Drawing on Experience

We know that early diagnosis is key if we are to slow down the progression of the disease in Alzheimer’s patients before symptoms become apparent and have a significant impact on quality of life. While many challenges are unique to Alzheimer’s, we can look to other disease areas for inspiration and best practices. There are a number of parallels between Alzheimer’s disease today and cancer a number of years ago. As Pauline Tardif, CEO of the Alzheimer Society of Canada explained, “In oncology, early prevention programs and early screening programs have been implemented, so this is possible for Alzheimer’s. The health system will need to be responsive.”

Building on our experience in oncology, we believe Roche has a lot to offer in terms of shifting health system policies to accommodate a new standard of care and help patients access innovative diagnostics and therapies. While HER2 positive cancer was uncharted territory for Canada 30 years ago, personalized approaches to cancer treatment are now the norm, and today we’re working with interested stakeholders to ensure that comprehensive genomic profiling is the mainstay of cancer diagnosis and treatment. We can apply these learnings to Alzheimer’s to ensure that innovations — across industry — make a difference in how people live with this debilitating disease.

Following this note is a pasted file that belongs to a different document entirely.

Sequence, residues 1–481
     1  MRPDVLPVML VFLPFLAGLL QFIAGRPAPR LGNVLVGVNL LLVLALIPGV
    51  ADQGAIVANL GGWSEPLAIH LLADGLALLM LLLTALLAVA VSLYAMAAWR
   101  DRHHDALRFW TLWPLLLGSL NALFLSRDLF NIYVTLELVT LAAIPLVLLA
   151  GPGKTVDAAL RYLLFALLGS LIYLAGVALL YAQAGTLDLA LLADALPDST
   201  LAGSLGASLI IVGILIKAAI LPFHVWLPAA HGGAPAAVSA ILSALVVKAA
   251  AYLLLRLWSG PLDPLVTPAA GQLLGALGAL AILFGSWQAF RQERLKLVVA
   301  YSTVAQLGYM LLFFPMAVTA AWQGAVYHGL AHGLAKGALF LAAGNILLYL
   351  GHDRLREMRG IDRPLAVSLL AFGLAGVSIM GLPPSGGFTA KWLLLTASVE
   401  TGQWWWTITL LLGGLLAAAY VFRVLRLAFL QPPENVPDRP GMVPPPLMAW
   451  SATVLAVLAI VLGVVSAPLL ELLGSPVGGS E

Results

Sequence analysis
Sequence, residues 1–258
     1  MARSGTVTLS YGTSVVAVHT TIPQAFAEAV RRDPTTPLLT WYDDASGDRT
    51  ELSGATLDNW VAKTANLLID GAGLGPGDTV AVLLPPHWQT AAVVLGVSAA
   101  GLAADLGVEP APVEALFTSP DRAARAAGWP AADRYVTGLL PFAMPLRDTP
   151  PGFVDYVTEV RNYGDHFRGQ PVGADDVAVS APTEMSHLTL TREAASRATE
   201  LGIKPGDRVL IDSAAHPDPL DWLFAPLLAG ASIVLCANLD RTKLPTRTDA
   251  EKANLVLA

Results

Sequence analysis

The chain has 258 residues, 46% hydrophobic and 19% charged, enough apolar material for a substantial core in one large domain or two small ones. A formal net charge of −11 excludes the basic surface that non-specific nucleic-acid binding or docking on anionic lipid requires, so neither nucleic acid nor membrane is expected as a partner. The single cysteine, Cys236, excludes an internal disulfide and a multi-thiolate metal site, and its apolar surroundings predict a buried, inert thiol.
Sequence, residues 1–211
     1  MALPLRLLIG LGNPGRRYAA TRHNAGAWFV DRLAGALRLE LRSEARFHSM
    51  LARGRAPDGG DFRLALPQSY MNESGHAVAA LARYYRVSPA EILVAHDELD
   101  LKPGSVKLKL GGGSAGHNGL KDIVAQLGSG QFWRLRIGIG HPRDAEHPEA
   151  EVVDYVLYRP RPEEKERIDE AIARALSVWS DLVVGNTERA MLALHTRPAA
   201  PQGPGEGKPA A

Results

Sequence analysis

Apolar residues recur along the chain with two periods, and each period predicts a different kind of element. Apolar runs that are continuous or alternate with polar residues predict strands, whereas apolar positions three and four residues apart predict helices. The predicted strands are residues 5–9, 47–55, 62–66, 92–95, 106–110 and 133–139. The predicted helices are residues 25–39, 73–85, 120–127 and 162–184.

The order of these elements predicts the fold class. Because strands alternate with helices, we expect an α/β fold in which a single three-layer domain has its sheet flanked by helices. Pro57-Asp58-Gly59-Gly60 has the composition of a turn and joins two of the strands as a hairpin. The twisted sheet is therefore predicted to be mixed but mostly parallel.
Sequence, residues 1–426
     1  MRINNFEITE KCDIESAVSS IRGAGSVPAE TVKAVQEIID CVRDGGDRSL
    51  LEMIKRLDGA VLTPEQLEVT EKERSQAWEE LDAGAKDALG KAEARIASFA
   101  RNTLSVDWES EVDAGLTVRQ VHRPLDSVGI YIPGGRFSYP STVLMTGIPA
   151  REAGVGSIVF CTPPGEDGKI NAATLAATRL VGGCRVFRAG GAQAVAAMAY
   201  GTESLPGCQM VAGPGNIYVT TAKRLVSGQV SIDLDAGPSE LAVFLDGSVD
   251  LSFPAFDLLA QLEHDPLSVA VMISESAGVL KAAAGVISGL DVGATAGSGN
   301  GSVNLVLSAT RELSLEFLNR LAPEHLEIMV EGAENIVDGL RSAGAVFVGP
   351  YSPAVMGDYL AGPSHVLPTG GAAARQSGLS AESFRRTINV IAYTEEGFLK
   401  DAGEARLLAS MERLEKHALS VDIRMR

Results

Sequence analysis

The challenges are significant and can’t be solved by one organization or stakeholder — we need to work together as partners in the healthcare system. Given the immense personal impact, for the individual and their family, and the enormous societal costs that result from a diagnosis of Alzheimer’s disease, we urgently need to examine the balance of economic burden, social care costs and medical costs through a new lens.

February 28, 2019


Previous In Focus posts